82

Is it possible to tell browsers to not run JavaScript from specific parts of an HTML document?

Like:

<div script="false"> ...

It could be useful as an additional security feature. All the scripts I want are loaded in a specific part of the document. There should be no scripts in other parts of the document and if there are they should not be run.

  • 1
    Not that I'm aware of. This is a comment rather than an answer, because I can't say 100% – freefaller Sep 19 '14 at 8:18
  • 4
    @chiastic-security You can only traverse the DOM after the DOM is loaded. By which point any JS in that block would have executed. – cowls Sep 19 '14 at 8:30
  • 8
    The closest I can think of is the content security policy, where you can restrict scripts by their origin (perhaps that is what you want). E.g. by specifying script-src:"self" you allow only scripts from your domain to run in the page. If you are interested, read this article from Mike West about CSP. – Christoph Sep 19 '14 at 8:30
  • 1
    @chiastic-security how do you plan to relax a restriction specified in a header after the headers have already been sent? Anyway, since CSP disables inline scripts by default, and remote scripts won't load unless whitelisted, why would you need to combine it with anything else? CSP is probably the OP's best bet; I hope someone leaves a CSP answer. – Dagg Nabbit Sep 19 '14 at 8:56
  • 6
    If you're concerned about someone injecting arbitrary blocks into your HTML, how is your proposed solution going to prevent them injecting a </div> to close this DOM element and then starting a new <div> that will be a sibling of the one where scripts aren't running? – Damien_The_Unbeliever Sep 19 '14 at 10:23
91

YES, you can :-) The answer is: Content Security Policy (CSP).

Most modern browsers support this flag, which tells the browser only to load JavaScript code from a trusted external file and disallow all internal JavaScript code! The only downside is, you can not use any inline JavaScript in your whole page (not only for a single <div>). Although there could be a workaround by dynamically including the div from an external file with a different security policy, but I'm not sure about that.

But if you can change your site to load all JavaScript from external JavaScript files then you can disable inline JavaScript altogether with this header!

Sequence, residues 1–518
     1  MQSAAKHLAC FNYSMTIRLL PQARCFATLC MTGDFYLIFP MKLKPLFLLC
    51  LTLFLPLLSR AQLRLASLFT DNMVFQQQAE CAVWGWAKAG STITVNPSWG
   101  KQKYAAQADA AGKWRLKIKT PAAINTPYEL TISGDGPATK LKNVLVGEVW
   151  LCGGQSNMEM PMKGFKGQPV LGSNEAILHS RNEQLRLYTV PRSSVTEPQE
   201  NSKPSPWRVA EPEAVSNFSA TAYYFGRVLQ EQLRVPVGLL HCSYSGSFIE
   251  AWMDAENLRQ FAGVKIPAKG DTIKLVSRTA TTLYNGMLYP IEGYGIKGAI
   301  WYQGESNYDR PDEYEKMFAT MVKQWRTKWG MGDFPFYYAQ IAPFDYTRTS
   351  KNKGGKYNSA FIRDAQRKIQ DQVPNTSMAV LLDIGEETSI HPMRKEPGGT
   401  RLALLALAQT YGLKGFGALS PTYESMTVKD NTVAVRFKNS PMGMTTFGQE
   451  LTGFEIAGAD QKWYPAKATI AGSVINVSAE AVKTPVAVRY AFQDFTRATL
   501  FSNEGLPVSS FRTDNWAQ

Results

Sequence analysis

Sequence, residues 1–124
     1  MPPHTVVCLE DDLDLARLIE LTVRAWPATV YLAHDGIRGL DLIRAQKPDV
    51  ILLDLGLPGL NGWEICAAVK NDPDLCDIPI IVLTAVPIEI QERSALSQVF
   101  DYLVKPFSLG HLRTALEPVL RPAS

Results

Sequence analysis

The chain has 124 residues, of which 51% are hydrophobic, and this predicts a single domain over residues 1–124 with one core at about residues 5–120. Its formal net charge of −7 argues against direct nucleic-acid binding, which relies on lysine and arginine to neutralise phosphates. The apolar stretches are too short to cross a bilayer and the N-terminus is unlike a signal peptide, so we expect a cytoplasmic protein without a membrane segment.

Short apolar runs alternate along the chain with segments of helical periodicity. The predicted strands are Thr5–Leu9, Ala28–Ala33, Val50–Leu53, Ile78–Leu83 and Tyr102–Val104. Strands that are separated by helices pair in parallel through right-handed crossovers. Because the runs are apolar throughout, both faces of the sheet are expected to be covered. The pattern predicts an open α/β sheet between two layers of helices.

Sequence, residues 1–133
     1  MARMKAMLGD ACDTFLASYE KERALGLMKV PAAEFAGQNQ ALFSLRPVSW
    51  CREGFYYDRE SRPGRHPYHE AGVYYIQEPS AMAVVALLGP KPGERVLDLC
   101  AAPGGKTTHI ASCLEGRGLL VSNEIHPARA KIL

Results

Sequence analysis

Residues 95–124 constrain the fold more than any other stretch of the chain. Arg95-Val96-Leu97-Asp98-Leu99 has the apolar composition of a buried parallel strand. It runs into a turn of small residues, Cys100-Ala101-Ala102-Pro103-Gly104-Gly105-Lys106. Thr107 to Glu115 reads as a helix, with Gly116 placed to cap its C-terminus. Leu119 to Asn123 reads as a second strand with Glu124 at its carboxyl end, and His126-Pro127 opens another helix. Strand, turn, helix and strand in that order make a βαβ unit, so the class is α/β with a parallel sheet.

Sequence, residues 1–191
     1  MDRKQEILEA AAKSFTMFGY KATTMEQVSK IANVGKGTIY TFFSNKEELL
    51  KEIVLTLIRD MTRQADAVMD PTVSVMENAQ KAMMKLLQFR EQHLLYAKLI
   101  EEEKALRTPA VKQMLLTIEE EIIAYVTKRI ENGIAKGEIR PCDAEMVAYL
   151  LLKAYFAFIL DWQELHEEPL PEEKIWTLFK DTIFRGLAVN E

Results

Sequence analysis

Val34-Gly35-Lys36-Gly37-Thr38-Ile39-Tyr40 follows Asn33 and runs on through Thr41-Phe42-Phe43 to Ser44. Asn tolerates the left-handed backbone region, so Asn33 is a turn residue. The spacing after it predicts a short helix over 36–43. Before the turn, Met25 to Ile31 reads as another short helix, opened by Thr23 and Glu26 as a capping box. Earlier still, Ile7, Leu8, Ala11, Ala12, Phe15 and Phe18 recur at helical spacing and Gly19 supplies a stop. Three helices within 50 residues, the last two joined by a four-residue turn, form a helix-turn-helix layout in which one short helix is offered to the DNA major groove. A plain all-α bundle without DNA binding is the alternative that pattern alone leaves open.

Here is a nice tutorial with example: HTML5Rocks Tutorial

If you can configure the server to send this HTTP-Header flag the world will be a better place!

  • 2
    +1 That's actually really cool, I had no idea that existed! (one note, your wiki link is to the German version directly) Here's the rundown on browser support: caniuse.com/#feat=contentsecuritypolicy – BrianH Sep 19 '14 at 14:39
  • 4
    Note that even if you do this, allowing unescaped user input on a page is still a bad idea. That would basically allow the user to change the page to look however they want. Even with all Content Security Policy (CSP) settings set to maximum (disallowing inline scripts, styles, etc), the user could still perform a cross-site request forgery (CSRF) attack using image srcs for GET requests, or tricking the user into clicking a form submit button for POST requests. – Ajedi32 Sep 19 '14 at 16:33
  • @Ajedi32 Of course you should always sanitize user inputs. But CSP can even set policies for GET requests like images or css, it will not only block them but even inform your server about it! – Falco Sep 19 '14 at 17:53
  • 1
    @Falco I read the docs, and my understanding was that you can only restrict those requests to a given domain, not a specific set of subpages on the domain. Presumably the domain you set would be the same one as your site, meaning that you would still be open to CSRF attacks. – Ajedi32 Sep 19 '14 at 17:58
  • 3
    @Falco Yeah, that's basically what StackExchange did with the new Stack Snippets feature: blog.stackoverflow.com/2014/09/… If you properly sanitize the input though, a seperate domain isn't necessary. – Ajedi32 Sep 19 '14 at 19:18
13